Investigation of the implementation and results of the national term perinatal mortality audit.
Population-based cohort study.
Perinatal audits were carried out in all 90 Dutch hospitals with obstetric departments together with the surrounding midwifery practices. These audits involved cases of term perinatal mortality. Various registries were used to collect data relating to audit participation, perinatal death classification, shortcomings in care (substandard factors; SSF) and their relation to death, recommendations for quality improvement in care and antepartum risk assessment.
1,102 term perinatal deaths occurred between 2010 and 2012. 645 audit sessions took place with an average of 31 participants per session. Data were recorded for 943 cases of term perinatal death (86%), and audit results for 707 (64%). In 53% of the cases at least one SSF was identified. Non-compliance with guidelines (35%) and deviation from conventional professional care (41%) were the most common. The percentage of cases of mortality in which there was a probable relation between SSFs and death decreased from 10% (n = 23) in 2010 to 5% (n = 10) in 2012 (p = 0.060). Term perinatal mortality decreased from 2.3 to 2.0 per 1000 births (p < 0.001). Possibilities for improvement were identified in the organisation of care (35%), compliance with guidelines or conventional care (19%) and in better documentation (15%).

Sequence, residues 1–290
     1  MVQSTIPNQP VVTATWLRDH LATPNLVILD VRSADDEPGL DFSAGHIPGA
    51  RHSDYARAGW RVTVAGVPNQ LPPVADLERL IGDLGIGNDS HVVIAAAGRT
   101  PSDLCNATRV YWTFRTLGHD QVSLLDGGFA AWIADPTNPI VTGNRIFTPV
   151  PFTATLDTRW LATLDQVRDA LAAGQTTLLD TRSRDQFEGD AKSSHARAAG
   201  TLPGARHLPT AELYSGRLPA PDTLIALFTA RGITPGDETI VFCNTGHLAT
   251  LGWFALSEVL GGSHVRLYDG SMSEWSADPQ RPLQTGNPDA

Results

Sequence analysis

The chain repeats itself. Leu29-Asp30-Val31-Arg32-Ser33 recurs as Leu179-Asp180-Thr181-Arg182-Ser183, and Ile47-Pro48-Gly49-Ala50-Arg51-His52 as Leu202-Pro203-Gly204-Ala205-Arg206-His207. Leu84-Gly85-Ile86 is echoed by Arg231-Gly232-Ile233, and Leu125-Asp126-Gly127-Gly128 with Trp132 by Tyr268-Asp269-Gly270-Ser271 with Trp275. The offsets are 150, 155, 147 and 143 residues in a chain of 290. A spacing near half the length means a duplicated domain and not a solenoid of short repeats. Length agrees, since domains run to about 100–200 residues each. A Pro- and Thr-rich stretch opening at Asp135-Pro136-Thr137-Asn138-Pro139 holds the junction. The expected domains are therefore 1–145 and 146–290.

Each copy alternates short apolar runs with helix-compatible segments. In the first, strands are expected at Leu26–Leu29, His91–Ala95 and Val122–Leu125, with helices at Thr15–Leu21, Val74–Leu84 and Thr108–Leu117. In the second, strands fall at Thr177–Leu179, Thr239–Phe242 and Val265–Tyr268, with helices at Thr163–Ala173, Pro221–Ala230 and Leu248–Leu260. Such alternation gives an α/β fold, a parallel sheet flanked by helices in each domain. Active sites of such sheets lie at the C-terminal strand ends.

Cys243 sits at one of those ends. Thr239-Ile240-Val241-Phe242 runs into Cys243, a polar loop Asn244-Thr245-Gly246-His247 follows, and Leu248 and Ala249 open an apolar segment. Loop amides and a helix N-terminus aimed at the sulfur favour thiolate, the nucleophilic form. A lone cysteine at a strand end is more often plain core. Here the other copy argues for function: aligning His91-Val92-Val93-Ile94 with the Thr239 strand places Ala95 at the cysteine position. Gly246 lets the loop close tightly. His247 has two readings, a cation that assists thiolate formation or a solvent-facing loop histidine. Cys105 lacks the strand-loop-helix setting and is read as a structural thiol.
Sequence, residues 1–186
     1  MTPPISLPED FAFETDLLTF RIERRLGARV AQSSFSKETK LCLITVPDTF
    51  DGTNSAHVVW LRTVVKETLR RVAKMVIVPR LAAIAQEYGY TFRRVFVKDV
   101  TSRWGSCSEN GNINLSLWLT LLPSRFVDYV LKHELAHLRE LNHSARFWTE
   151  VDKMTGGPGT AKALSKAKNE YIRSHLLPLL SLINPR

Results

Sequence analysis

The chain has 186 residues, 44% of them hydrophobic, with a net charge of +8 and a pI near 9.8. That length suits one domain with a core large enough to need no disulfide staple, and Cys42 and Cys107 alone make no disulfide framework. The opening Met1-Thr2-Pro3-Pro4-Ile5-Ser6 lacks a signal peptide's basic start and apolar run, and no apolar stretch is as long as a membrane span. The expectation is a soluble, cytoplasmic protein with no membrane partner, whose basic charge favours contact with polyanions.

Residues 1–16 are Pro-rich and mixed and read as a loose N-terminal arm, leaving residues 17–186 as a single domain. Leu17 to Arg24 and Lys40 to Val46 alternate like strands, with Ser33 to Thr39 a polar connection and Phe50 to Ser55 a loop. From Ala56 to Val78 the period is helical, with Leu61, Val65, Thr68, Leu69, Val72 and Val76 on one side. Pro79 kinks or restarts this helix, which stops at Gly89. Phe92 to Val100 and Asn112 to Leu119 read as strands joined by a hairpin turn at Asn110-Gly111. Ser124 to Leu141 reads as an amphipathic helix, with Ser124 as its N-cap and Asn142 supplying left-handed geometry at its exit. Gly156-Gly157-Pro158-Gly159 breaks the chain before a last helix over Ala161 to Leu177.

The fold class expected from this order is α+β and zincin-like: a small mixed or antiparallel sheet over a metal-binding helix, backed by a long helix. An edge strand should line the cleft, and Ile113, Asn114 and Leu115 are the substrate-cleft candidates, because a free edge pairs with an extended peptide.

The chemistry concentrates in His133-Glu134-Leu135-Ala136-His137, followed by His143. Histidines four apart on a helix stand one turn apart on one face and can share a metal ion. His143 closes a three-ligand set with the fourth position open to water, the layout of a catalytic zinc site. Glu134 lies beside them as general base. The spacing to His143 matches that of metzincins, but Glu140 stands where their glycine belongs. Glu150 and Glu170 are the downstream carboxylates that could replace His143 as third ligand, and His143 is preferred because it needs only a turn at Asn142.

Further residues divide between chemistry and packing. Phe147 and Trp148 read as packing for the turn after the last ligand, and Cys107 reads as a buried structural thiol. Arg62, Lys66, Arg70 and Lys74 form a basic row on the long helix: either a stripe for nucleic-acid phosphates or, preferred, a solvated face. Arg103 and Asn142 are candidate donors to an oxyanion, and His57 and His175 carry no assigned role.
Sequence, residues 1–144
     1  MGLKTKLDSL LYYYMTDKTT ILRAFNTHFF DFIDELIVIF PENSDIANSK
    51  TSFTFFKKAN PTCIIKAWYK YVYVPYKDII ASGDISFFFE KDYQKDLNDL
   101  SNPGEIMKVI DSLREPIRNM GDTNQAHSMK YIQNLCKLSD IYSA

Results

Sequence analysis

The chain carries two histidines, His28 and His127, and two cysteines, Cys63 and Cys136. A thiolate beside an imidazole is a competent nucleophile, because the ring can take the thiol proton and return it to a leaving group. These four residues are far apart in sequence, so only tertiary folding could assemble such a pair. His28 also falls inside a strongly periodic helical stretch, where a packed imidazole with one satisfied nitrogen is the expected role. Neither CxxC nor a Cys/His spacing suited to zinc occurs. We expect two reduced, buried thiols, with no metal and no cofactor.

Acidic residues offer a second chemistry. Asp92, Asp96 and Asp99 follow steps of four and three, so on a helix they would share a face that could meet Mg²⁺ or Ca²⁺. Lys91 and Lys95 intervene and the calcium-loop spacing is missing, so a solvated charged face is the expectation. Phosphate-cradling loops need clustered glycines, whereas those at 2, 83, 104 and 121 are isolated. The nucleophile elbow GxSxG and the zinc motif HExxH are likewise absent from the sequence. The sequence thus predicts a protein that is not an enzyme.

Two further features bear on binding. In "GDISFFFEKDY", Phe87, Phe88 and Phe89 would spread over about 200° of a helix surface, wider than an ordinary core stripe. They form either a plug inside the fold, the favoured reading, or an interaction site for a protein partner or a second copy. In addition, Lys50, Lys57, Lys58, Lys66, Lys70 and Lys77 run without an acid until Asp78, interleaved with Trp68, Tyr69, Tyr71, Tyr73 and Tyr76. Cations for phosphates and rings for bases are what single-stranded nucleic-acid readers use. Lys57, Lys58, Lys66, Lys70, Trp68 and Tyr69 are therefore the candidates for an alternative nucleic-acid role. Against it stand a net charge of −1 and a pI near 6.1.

The perinatal audit was implemented over a short period of time. Term perinatal mortality in the Netherlands decreased during the period in which this study took place.
Conflict of interest and financial support: none declared.